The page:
Raita is a side dish in Indian cuisine made of dahi (yogurt, often referred to as curd) together with raw or cooked vegetables, more seldom fruit, or in the case of boondi raita, with fried droplets of batter made from besan (chickpea flour, generally labeled as gram flour).
|Alternative names||रायता, রায়তা|
|Region or state||Indian subcontinent with regional variations|
|Associated national cuisine||India, Bangladesh, Pakistan, Nepal|
|Main ingredients||Dahi (yogurt), buttermilk, cucumber, mint|
|Variations||Dahi chutney, Pachadi|
|46 kcal (193 kJ)|
The closest approximation in western cuisine is a side dish or dip, or a cooked salad. It is often referred to as a condiment, but unlike traditional western condiments like salt, pepper, mustard and horseradish that make dishes more spicy, a dish of dahi or raita has a cooling effect to contrast with spicy curries and kebabs that are the main fare of some Asian cuisines. In Indian cuisine, some type of flatbread may be eaten together with raita, chutneys and pickles.
The word raita first appeared in print around the 19th century; it comes from the Hindi language. The word raita in Bengali language and Hindi is a portmanteau of the Sanskrit word rajika or the derivative Hindi rai (pronounced "ra-ee") meaning black mustard seed, and tiktaka, meaning sharp or pungent. In South India, especially Kerala and Tamil Nadu, traditional raita is called pachadi.
A variety of raita of India varies from region to region, most notable raithas are boondi raitha—tiny balls of fried gram flour (chickpea flour), which may taste salty or tīkhā (spicy) and onion raita and vegetable raita. The mixture is served chilled. Raita may cool the palate when eating spicy Indian dishes.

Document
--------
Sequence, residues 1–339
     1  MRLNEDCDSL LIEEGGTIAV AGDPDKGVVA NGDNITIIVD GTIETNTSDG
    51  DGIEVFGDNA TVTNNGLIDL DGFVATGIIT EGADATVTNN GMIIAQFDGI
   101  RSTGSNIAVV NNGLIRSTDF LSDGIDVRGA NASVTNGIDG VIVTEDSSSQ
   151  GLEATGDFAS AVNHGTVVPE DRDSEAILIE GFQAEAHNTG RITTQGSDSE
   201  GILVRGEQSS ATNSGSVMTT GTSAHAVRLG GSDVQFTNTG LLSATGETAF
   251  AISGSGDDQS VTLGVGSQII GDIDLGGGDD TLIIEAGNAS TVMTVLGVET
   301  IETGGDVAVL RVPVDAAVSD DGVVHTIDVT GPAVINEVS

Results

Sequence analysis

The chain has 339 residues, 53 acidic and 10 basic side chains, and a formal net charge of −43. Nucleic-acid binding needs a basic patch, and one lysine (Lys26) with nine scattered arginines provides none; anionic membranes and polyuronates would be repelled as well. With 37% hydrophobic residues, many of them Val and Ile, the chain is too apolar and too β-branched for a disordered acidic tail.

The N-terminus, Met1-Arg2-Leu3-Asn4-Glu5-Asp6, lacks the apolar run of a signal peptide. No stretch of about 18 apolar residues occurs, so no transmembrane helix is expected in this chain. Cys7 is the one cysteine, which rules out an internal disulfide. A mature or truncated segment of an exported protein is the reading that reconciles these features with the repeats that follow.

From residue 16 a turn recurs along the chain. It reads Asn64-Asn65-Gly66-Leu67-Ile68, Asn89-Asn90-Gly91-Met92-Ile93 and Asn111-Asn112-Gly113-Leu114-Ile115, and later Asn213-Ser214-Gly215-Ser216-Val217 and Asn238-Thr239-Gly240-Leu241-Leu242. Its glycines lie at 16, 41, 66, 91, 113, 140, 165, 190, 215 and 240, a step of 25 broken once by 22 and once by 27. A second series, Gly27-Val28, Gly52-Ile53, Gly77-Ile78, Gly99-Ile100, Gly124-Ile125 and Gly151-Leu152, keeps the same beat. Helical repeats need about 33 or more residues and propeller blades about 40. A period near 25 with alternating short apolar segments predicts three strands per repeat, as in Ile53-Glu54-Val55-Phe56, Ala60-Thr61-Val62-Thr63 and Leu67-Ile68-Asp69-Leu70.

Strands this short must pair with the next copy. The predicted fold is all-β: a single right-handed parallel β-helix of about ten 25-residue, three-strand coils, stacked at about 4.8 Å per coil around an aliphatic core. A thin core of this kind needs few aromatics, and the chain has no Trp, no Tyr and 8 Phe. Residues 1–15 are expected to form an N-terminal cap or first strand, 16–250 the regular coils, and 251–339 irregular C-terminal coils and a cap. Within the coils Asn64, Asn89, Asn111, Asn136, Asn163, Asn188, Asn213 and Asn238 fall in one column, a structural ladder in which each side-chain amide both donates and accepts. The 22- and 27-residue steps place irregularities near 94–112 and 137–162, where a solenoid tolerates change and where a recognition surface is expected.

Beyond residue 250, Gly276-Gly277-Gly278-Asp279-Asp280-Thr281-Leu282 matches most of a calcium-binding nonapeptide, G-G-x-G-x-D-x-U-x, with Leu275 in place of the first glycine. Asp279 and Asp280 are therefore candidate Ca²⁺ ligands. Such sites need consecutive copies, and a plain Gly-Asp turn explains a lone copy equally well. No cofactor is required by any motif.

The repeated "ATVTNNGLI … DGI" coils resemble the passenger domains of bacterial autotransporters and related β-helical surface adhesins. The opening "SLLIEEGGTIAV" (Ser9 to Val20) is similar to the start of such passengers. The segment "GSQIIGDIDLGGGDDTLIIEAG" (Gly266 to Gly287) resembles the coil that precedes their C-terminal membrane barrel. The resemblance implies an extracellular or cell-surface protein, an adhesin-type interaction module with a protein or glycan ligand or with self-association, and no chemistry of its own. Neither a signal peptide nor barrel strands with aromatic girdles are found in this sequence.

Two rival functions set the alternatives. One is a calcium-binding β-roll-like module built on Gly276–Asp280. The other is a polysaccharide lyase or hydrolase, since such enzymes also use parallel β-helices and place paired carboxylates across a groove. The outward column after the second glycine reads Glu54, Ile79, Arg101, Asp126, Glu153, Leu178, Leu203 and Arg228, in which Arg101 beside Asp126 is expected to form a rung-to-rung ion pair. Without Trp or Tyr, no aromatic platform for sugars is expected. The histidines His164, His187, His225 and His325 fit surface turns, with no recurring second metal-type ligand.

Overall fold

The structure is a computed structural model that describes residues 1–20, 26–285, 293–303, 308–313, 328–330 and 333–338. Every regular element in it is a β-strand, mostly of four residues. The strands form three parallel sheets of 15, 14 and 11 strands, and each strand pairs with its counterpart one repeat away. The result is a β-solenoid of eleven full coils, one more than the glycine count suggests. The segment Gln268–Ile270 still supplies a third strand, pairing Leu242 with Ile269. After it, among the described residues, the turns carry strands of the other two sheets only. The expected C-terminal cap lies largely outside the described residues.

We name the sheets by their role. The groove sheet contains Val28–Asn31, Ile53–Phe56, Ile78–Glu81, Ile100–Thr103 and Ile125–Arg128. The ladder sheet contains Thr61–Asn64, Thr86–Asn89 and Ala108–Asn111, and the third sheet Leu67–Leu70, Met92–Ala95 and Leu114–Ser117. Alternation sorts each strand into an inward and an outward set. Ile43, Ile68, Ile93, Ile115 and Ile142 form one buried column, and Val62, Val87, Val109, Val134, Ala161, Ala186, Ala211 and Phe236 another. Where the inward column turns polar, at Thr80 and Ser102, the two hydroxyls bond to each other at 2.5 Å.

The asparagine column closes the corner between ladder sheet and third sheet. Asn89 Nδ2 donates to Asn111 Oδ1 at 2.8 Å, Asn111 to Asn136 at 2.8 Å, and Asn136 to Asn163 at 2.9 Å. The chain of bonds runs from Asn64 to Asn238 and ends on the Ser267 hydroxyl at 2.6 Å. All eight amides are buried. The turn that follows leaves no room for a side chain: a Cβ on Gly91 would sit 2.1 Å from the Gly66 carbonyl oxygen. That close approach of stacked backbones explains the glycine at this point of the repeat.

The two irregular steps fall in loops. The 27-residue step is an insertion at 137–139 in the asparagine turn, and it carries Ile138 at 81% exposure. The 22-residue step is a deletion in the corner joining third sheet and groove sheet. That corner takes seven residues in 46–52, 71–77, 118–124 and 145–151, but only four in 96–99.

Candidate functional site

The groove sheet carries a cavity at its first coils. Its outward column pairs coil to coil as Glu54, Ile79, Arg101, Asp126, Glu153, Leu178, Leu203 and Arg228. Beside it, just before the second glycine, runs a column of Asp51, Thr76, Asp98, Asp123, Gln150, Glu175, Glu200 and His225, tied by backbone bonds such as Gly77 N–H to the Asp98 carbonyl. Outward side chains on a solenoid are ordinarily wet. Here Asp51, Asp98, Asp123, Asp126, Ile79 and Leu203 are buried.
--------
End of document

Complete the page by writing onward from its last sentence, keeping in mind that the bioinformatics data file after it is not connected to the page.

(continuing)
Pachadi is the South Indian variation of raita.
- Bathua ka raita, popular in Haryana in winters
- Cucumber raita
- Lauki (bottle gourd/calabash) raita, popular in Haryana and Uttar Pradesh
- Beetroot raita
- Brinjal raita
- Carrot raita
- Chili salt raita, could be chopped fresh chilies or just the dried chili powder
- Horned melon raita
- Mint and peanut raita
- Onion coriander spring onion raita
- Onion tomato raita
- Potato raita
- Pumpkin raita
- Spinach raita
- Garlic mint raita
Made either from sprouted pulses, roasted pulses or other condiments made from pulse flour.
As a side dishEdit
Raita is served as a side dish to be eaten with main course dishes.
As a sauce (not traditional)Edit
- Grilled chicken
As a dressing (not traditional)Edit
- Pasta salad
|Wikibooks Cookbook has a recipe/module on|
Tzatziki, a similar dish found in Eastern Mediterranean and Middle Eastern cuisine
- Sedgwick, Fred (2009). Where words come from: A dictionary of word origins. London: Continuum International Publishing group. ISBN 9781847062741.
- "Raita". Merriam Webster.
- Mehta Gambhir, Aloka (25 May 2011). "Tandoori chicken with Tomato Raita". The Times of India. Retrieved 22 December 2019.
- American Dietetic Association (2009). Cultural Food Practices. American Dietetic Associat. p. 244. ISBN 9780880914338.
- Basic Food Preparation (Third ed.). Orient Longman Private limited. 1986. ISBN 81-250-2300-3.
- Bathua ka Raita | Haryana and Uttar Pradesh bathua recipe | Indian cuisine, masterchefu.com.
|Wikimedia Commons has media related to Raita.|